In the development of its training programmes, Ifa Lethu undertook extensive research in this area to ascertain skills needs and market demands and to validate its strategic intent. This programme is aligned with feedback from various stakeholders including government ministries such as Trade and Industry, Arts and Culture and Foreign Affairs, the International Marketing Council as well as those in the various municipal structures and the creative industry sector.

Ifa Lethu, through its two phases of training and the third Incubator phase, offers training programmes in all provinces to enable the indirect empowerment of youth and women who are interested in the creative industries; to develop entrepreneurs so that they are market ready; to assist in identifying the markets for these entrepreneurs through the creation of an enabling environment and through the development of partnerships.

Contextualising Ifa Lethu’s creative development programmes
The Ifa Lethu Foundation is a non-profit heritage organization focusing on three major issues for the country:
The development of cultural/creative entrepreneurs as economic drivers;
Creating global awareness for the strength of South Africa’s cultural property; and
Creating awareness of Human Rights abuses.

Ifa Lethu saw the cultural sector as being a key economic driver in the country’s tourism industry. Indeed, with reference to www.dac.gov.za, the Department of Trade and Industry (the dti) estimated that South Africa's creative sector alone contributed about R2-billion or 0.14% to South Africa's GDP annually.

In addition, the sector provided jobs and income for approximately 38 000 people through an estimated 7 000 small enterprises. The creative sector could also be used as a catalyst for rural economic development and for fostering expanded participation in the economy, especially by women and youth. Furthermore, as the art of designing and producing cultural products was handed down from generation to generation, members of communities had an opportunity to work together and impart knowledge and social values to each other, especially the youth.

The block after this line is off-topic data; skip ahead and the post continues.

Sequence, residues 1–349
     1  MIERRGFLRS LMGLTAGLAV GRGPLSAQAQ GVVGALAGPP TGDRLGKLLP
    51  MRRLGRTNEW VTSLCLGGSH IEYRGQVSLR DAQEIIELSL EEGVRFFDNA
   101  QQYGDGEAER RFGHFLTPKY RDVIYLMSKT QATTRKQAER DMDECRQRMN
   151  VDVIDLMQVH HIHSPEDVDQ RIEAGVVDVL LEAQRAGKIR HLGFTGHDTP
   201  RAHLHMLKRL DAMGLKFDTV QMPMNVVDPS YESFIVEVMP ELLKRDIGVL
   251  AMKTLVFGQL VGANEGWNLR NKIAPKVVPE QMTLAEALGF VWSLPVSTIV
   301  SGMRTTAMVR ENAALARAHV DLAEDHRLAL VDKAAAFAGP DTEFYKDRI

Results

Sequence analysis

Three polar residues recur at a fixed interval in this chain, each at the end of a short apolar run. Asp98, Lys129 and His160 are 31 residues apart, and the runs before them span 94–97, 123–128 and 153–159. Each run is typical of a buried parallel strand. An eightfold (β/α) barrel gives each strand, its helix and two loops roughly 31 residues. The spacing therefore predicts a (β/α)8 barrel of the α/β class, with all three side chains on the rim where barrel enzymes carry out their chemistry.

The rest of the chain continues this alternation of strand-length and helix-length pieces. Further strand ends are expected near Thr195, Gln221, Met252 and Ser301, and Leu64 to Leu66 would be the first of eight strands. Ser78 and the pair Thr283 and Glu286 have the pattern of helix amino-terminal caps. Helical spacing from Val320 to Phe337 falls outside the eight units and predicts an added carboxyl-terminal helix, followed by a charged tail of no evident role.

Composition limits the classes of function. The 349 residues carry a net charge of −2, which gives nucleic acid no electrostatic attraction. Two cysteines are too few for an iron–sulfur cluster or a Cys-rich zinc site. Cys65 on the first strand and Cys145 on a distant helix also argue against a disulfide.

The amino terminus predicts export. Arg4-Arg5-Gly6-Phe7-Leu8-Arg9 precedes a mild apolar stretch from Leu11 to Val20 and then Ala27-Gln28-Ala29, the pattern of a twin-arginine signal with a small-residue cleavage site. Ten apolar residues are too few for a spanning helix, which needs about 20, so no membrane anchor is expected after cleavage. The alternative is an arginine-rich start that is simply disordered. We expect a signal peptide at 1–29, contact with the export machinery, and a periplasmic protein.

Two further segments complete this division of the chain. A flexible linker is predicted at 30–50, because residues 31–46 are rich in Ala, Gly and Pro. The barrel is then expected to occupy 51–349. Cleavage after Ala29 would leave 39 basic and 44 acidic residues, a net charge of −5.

This contributed towards social cohesion and instilled the culture of respect, discipline and Ubuntu. It was for these reasons that the Foundation continued to say that crafts represented both an economic activity and a cultural practice. Tourists were often attracted to a particular area because of its cultural and heritage significance.
 
Community Settings
As its work represented the continuing development of youth and women in these areas, with a view to creating gainful employment for this sector (through the skills development training and incubator programmes), Ifa Lethu was assured of the necessary support in all provinces. The Foundation had enjoyed a good track record in all provinces in which it has undertaken work with surrounding communities, schools in the area and parents of participants and other stakeholders such as principals and councillors. Such support would augur well for the smooth conduct of even further programmes with cooperation from stakeholders assured. Ifa Lethu’s work also impacted positively on targeted and non-targeted communities who viewed the work of this organisation as contributing to the social and economic upliftment of the area and participants and families. There had therefore been no constraints to projects being implemented in all provinces.

Hence Ifa Lethu’s strategic intervention, through its training programmes and use of local service providers, ultimately contributed to the process of alleviating poverty in rural areas. This intervention also helped bring rural communities into the first economy of South Africa.

Challenges  
The challenges facing heritage organizations were numerous and obvious such as the lack of human capital and funding, but five required special note:

Funding within the context of national priorities: